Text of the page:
The Beamish Museum in the United Kingdom was founded in 1970. It eats old-fashioned fish and chips, and takes a retro bus to truly experience life in North England two hundred years ago.
By JOIN ME
Unlike most museums, it can be seen, touched, and eaten in Beamish, and can be truly felt from the early mines, steam trains, bakeries, and photo studios. If you want to experience the time and space, and return to North England two hundred years ago, just come here to play! The museum is divided into three periods, 1820, 1900 and 1940. Let's play from the farthest in 1820!
Not far from Durham and Newcastle (Newcastle Upon Tyne), about 30 minutes by car and about 1 hour by bus.
From Durham, take the bus Angel 21, X-lines X21 or service 50, get off at Chester-le-Street, then transfer to Coast & Country 8, 78A or services 28 and 28A.
To travel from downtown Newcastle, take the bus Waggonway 28. Present the bus ticket stubs at the time of ticket purchase to enjoy discounts on tickets (the discount may vary according to the situation and time on site).
In the village of 1820, there is a lovely church called St Helen's Church, which is a medieval building. It was first located in Middlesbrough in the northeast of England. Demolition, under the "intercept" of the museum team, the entire building was moved to the museum intact and rebuilt. There are many numbers on the wall outside the church. According to the staff on site, this is a mark made for the reconstruction of the building to remind the construction workers of the location of each stone brick.
Another house, Pockerley Old Hall, used to be a farmer’s house, dating back to 1440. A resident is burning charcoal to bake bread, watching him busy in and out, while controlling the fire, while calculating the time, and thought he was really a resident here. It turned out that he was played by the staff and is presenting the life of the people of the time. Appearance. There is no sense of disobedience in traveling through time here. Even better, tourists can also take the old steam train in the village and feel the transportation that has been in the past for a long time.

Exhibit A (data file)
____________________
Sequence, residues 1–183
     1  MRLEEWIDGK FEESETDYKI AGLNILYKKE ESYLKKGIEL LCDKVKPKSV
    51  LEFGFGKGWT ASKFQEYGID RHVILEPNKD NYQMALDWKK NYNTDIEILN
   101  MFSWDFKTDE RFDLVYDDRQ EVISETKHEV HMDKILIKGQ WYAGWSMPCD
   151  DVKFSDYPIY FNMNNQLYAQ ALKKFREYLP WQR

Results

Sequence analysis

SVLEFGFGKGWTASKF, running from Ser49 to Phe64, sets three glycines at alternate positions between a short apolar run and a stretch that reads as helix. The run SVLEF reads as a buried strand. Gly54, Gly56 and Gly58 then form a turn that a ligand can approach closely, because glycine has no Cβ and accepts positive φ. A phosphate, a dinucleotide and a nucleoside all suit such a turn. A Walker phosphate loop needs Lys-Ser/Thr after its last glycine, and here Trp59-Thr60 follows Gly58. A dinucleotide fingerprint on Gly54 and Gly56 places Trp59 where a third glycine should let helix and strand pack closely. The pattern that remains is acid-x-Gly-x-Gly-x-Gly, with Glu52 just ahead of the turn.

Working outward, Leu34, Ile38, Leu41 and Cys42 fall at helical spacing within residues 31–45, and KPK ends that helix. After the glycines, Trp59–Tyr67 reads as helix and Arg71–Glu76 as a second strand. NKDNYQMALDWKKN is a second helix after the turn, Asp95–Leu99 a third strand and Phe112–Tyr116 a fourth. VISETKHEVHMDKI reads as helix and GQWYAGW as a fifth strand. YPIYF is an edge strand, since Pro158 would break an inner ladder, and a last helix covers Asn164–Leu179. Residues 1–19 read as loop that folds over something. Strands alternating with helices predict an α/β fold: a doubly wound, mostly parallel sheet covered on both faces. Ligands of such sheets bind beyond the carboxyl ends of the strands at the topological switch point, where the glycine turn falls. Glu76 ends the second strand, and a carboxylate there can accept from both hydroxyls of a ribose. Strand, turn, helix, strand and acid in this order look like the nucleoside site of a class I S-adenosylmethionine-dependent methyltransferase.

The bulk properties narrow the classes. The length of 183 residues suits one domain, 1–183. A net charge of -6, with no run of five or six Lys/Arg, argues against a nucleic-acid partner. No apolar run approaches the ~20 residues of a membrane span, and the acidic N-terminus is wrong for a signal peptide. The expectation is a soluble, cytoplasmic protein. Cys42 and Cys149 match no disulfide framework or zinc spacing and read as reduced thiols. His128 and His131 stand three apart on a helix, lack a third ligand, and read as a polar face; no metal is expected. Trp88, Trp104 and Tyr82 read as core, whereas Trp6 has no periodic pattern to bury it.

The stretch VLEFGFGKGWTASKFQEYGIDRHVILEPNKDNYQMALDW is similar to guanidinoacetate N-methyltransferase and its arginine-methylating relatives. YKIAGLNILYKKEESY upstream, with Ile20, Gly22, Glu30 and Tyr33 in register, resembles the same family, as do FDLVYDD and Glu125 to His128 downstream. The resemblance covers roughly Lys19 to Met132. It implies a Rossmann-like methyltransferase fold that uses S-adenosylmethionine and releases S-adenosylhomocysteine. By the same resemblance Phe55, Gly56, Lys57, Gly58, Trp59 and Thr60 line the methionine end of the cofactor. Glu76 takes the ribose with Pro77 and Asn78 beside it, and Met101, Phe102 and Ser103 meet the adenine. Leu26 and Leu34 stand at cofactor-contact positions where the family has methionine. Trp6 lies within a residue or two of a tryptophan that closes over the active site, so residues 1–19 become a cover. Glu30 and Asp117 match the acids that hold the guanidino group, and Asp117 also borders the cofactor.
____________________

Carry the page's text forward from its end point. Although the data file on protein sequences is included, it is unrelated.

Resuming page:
This is the most lively area in the museum. There are bakeries, auto maintenance plants, dentist clinics, ancient bars, banks and afternoon tea houses on the street. Every store can be visited. There is a professional staff meeting. Talk to you. As a car fan, I am very excited to see many retro cars and locomotives in the auto locomotive maintenance plant!
In 1964, in 1895, after a photo studio in Durham closed, the museum opened a photo studio in the town where the museum was established as a memorial in the name of the photographer John Reed Edis. It also provides clothing from the 1900s for guests to take pictures. Let's take a set of beautiful retro photos, the camera used by the photographer is also retro!
The mining industry in Northeast England is well developed and played a very important backing during the Industrial Revolution. This area presents a small town where mining was prosperous at that time. Tourists can walk into narrow pits under the guidance of professional commentators. Everyone had to stoop down and head down to be able to walk. It was a profound experience of the greatness and hard work of former mining workers.
Pit Village has schools, fish and chips shops and houses. The classroom furnishings are complete, and even the little blackboard hall where children practice writing is intimately prepared. The houses are also very interesting, all residences can be visited. The fish and chips shop here also uses traditional methods, adding butter and heating it with charcoal, which is delicious.
This area presents the farm life after World War II. At that time, due to lack of materials, every household used government-distributed materials. There were many livestock in the village, which fully showed the life of wartime people. In Farmhouse, you can also smell the smell of cooking with a stove. It is really a "full of five senses". travel.
A full visit to the Beamish Open Air Museum takes about half a day, from taking the tram on the door, to the carriage, retro bus on the road, and displaying typesetting. Many of the staff in the museum are dressed up like the ancient times, giving people a sense of life in the era. I recommend you to experience and learn about the culture and history of northeast England in another way.